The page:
Harvard Heart Letter

Ask the doctor: Does the length of the ST segment on an electrocardiogram matter?

Ask the doctor

Does the length of the ST segment on an electrocardiogram matter?

Q. I have an electrocardiogram as part of my yearly checkup. After the last one, my doctor mentioned that my ST segment was longer this year than it was last year. He recommended that I have a stress test to check this out. I passed with flying colors. When I asked the cardiologist who did the stress test about the ST segment, he said the length isn't really important, that the height and shape are what matter. Can you explain?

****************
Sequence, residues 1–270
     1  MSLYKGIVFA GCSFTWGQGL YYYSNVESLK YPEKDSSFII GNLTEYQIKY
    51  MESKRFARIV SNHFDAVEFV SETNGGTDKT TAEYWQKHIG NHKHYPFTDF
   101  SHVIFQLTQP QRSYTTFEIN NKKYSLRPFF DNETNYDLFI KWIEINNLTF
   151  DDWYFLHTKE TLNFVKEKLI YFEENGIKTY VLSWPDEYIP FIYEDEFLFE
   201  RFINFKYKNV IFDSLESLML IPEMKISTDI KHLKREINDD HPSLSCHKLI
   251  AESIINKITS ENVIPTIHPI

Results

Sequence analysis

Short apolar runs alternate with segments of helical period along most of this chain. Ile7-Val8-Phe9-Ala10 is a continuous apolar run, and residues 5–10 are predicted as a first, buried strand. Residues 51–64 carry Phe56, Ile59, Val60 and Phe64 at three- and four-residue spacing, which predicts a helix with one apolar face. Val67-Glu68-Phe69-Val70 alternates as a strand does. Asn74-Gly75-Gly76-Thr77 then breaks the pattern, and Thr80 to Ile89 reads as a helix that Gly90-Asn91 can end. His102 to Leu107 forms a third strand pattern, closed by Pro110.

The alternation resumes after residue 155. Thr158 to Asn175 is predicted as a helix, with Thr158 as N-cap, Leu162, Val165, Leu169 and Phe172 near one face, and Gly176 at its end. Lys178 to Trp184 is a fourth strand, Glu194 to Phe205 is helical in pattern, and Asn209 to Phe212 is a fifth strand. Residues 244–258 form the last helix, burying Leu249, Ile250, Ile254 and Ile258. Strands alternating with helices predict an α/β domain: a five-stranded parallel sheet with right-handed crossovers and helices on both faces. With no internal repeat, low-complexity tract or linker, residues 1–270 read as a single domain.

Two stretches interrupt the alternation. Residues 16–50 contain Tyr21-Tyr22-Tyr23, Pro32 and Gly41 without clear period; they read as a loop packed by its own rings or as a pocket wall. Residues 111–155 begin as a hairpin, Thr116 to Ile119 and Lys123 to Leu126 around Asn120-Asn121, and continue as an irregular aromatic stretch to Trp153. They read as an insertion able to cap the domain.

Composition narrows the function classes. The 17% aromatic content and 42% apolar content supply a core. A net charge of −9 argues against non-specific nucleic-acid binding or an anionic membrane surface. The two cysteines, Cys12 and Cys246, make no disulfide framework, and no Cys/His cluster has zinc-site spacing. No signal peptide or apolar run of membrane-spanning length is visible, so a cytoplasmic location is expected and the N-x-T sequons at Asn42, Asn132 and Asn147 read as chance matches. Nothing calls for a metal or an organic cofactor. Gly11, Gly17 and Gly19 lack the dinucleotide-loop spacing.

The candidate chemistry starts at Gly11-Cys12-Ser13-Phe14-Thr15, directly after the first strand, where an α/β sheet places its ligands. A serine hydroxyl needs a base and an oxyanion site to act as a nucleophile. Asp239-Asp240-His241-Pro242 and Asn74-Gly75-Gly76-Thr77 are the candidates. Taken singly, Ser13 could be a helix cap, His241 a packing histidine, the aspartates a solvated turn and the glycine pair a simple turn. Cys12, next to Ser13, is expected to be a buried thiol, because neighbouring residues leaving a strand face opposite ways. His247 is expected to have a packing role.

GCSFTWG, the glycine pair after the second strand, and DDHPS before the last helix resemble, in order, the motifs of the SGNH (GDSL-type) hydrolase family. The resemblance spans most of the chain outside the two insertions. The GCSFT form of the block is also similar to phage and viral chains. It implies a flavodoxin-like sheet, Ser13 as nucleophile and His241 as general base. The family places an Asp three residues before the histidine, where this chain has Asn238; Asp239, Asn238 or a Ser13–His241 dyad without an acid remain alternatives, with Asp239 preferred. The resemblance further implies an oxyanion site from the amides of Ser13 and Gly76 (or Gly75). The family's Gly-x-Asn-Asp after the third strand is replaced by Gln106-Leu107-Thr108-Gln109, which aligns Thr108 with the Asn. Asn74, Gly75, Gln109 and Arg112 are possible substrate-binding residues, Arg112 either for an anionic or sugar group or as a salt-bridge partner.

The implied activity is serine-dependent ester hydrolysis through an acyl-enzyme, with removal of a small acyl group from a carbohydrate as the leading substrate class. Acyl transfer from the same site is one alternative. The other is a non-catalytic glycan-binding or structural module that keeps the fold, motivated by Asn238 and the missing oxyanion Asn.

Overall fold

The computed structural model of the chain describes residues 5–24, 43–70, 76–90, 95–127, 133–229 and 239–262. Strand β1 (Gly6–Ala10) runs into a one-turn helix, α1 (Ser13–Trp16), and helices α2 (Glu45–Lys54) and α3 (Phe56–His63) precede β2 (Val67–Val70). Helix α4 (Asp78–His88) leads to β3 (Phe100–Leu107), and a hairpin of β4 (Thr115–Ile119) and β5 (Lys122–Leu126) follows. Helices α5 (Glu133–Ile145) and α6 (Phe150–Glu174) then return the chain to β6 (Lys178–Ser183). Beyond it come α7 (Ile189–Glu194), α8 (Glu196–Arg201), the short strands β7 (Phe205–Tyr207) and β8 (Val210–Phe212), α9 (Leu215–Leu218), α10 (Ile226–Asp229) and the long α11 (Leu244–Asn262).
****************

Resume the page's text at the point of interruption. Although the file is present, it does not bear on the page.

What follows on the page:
A. An electrocardiogram (ECG) measures the heart's electrical activity. The waves that appear on it are labeled P, QRS, and T. Each corresponds to a different part of the heartbeat. The ST segment represents the heart's electrical activity immediately after the right and left ventricles have contracted, pumping blood to the lungs and the rest of the body. Following this big effort, ventricular muscle cells relax and get ready for the next contraction. During this period, little or no electricity is flowing, so the ST segment is even with the baseline or sometimes slightly above it.

The faster the heart is beating during an ECG, the shorter all of the waves become. It is possible that your heart was beating faster during last year's ECG than it was during this year's test.

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